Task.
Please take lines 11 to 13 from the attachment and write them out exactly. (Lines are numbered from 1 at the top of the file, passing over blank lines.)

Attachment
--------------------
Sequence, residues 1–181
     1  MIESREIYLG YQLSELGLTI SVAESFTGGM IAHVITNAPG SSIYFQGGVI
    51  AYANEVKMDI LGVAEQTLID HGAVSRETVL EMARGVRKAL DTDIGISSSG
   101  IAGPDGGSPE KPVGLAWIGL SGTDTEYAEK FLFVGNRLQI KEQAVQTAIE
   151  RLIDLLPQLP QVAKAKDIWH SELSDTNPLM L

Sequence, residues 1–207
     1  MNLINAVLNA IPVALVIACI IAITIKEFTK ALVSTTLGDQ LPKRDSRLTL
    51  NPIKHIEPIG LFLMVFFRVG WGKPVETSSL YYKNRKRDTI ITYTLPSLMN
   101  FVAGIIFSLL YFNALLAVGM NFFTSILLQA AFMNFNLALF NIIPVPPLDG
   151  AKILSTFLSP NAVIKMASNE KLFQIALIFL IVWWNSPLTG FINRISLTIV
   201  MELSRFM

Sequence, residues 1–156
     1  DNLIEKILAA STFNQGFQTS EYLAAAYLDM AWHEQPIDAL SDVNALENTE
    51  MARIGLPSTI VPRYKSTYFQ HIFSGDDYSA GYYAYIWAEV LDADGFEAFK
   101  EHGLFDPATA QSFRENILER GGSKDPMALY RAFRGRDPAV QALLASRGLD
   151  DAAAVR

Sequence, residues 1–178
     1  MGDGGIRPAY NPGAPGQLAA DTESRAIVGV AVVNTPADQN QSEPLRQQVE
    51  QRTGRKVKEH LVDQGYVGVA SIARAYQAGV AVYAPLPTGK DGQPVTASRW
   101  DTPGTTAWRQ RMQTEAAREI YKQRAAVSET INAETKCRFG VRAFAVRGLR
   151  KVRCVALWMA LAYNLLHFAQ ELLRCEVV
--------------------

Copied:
   201  MELSRFM

Sequence, residues 1–156
     1  DNLIEKILAA STFNQGFQTS EYLAAAYLDM AWHEQPIDAL SDVNALENTE